If you don’t want to use alcohol, then simply use extra beef stock instead of ale and if you don’t fancy dumplings, then serve this stew with mashed or baked potato or brown rice. Alternatively, if you are looking to reduce your carbs, just serve this stew with a big portion of green veg instead.
The most obvious match for this stew is a good British ale – preferably the same one as you put in the stew (I went for Arundel Sussex Gold, which is local to me and just lovely – both in and with this stew), but if you don’t like drinking ale, a hearty red wine such as Cotes du Rhone, Rioja or Argentinian Malbec would be just perfect.
Beef and Ale Stew with Dumplings
Beef and Ale Stew
- 2 medium onions sliced
- 600 g stewing beef cubed
- 250 ml ale (I used Sussex Gold)
- 250 ml beef stock (I used a Kallo Organic cube and boiling water)
- 2 bay leaves
- 1 tablespoon thyme leaves
- Salt and pepper to taste
- 100 g mushrooms chopped into bite-sized pieces
- 2 medium carrots peeled and chopped into bite-sized pieces
- ½ a small swede (rutabaga) peeled and chopped into bite-sized pieces
- 150 g Self-raising Flour
- 75 g Suet (I use Atora)
- Small pinch of salt
- Cold water
Preheat your oven to 160C / 140C fan / gas mark 3 / 325F.
Drizzle 2 tablespoons of olive oil into a large ovenproof saucepan or cast iron casserole dish. Add the onions and cook on a gentle heat, with the lid on, for about 3 minutes, until the onions are softened but not brown.
- Turn up the heat, add the beef and cook for 3 minutes, stirring constantly, until the beef is lightly browned.
- Next add the ale and beef stock, thyme and bay leaves, plus salt and pepper to taste. Bring to the boil, cover with a lid, then put the stew into your preheated oven for 2 hours 20 minutes.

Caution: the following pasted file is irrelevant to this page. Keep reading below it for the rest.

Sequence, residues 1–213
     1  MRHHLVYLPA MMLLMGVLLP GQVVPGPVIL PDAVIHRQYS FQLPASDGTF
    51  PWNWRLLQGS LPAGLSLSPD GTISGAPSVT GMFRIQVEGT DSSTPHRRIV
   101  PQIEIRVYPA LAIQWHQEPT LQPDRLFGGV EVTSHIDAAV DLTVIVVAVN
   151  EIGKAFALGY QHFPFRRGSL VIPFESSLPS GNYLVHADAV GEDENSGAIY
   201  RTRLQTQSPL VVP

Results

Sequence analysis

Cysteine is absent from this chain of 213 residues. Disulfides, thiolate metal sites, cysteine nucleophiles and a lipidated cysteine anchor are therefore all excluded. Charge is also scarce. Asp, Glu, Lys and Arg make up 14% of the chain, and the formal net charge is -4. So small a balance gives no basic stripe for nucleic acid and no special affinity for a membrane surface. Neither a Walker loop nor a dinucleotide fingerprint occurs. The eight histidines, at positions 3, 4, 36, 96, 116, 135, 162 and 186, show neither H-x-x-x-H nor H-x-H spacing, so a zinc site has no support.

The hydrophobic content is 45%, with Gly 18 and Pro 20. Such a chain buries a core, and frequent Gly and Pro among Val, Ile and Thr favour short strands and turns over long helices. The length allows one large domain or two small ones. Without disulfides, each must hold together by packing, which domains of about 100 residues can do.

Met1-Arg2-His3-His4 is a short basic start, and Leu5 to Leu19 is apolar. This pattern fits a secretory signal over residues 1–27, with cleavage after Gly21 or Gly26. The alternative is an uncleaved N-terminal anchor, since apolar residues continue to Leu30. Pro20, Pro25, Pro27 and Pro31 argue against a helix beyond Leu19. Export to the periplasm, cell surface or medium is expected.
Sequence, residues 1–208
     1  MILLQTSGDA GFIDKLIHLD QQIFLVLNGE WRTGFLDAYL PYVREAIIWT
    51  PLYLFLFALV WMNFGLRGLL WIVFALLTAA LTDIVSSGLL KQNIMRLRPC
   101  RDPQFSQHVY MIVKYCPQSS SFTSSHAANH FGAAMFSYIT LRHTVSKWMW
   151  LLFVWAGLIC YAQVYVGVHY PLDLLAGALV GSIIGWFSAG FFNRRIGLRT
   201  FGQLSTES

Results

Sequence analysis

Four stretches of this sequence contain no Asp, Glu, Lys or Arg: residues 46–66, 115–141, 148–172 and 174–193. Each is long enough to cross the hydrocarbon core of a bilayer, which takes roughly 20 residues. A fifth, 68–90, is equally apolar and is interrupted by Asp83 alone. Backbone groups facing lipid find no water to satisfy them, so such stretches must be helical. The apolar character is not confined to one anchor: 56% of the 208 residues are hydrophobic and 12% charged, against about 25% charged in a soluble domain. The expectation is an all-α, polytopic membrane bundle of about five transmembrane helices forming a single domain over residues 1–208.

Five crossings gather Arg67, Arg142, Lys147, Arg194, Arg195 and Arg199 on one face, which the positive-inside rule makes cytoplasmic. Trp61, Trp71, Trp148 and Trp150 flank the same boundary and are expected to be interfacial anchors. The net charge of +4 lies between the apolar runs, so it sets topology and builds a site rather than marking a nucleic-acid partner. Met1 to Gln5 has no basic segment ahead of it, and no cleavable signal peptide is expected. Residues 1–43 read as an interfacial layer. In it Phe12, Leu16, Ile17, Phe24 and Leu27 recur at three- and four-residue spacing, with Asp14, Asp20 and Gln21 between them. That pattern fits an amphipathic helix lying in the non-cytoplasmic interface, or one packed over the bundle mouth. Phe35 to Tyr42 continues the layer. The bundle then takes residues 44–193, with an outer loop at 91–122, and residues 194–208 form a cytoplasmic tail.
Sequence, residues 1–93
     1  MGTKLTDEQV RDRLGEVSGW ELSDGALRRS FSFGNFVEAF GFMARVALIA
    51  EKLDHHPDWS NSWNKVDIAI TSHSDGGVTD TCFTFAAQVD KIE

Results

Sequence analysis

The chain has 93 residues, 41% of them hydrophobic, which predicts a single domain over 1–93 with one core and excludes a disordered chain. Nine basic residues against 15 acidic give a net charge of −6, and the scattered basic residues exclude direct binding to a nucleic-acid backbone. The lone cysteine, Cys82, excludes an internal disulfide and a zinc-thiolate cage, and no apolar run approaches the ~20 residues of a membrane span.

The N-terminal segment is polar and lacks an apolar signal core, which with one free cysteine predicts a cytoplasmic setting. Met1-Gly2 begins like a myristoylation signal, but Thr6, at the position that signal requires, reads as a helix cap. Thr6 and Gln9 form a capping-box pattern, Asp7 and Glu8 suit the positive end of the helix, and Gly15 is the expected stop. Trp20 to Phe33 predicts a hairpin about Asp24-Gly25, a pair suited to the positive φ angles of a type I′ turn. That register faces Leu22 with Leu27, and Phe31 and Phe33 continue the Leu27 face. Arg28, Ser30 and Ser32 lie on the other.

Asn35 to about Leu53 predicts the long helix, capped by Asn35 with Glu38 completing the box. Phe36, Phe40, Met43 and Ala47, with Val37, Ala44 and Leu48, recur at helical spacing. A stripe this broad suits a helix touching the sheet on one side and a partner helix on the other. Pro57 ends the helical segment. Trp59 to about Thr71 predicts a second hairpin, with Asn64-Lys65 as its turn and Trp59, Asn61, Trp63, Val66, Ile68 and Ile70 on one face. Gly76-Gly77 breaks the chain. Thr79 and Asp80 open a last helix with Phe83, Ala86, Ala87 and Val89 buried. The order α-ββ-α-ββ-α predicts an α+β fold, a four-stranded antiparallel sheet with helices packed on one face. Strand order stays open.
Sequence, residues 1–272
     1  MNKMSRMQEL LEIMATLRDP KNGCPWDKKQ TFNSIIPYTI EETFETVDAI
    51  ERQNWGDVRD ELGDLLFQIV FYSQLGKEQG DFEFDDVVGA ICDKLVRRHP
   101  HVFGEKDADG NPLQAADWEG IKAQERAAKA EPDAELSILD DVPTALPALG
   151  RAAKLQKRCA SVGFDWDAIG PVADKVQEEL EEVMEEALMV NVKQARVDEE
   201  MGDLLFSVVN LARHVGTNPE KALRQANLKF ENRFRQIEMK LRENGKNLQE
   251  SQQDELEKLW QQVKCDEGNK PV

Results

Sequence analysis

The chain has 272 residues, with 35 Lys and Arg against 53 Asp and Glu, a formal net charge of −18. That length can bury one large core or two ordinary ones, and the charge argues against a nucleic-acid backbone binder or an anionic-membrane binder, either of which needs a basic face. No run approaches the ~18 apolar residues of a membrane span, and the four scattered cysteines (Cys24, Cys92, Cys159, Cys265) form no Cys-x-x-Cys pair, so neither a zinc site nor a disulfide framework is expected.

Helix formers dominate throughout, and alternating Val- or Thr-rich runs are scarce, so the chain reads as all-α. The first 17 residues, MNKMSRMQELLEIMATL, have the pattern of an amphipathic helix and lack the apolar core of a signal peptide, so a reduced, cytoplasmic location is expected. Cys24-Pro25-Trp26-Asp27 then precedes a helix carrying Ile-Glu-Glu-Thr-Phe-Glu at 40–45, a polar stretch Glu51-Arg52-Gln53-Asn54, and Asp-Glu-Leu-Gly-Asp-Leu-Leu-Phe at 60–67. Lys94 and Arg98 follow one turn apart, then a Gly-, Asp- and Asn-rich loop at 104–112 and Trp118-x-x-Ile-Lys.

- After the stew has been in the oven for just over 2 hours heat a drizzle of olive oil in a frying pan and add the mushrooms, swede and carrots. Fry on a medium-high heat until lightly browned then add to the stew. Put the stew back in the oven for a further 20 minutes.
- Next make the dumplings: place the flour, suet and salt in a bowl and mix together. Add cold water a drop at a time until the mixture comes together into a dough. Divide the dough into 12 and roll each piece into a ball.
- After the stew has been in the oven for a total of 2 hours 40 minutes, remove the stew from the oven and place the dumplings on top of the stew – try to spread them out evenly. Replace the lid and then cook the stew for a final 20 minutes (3 hours in total).
- Serve just as it is or with green veg and either ale or red wine. Enjoy!
If you don’t own an ovenproof saucepan or cast iron casserole dish, simply cook the stew in a regular saucepan up until it has to go in the oven and then transfer the stew into a regular lidded casserole dish before placing in the oven. Add on an extra 5 minutes cooking time to allow for the fact that the casserole dish will need extra time to heat up.
If you can't get hold of suet, use the same quantity of butter instead.
Suitable for freezing. (Freeze dumplings and stew separately)
Nutrition information is approximate and meant as a guideline only.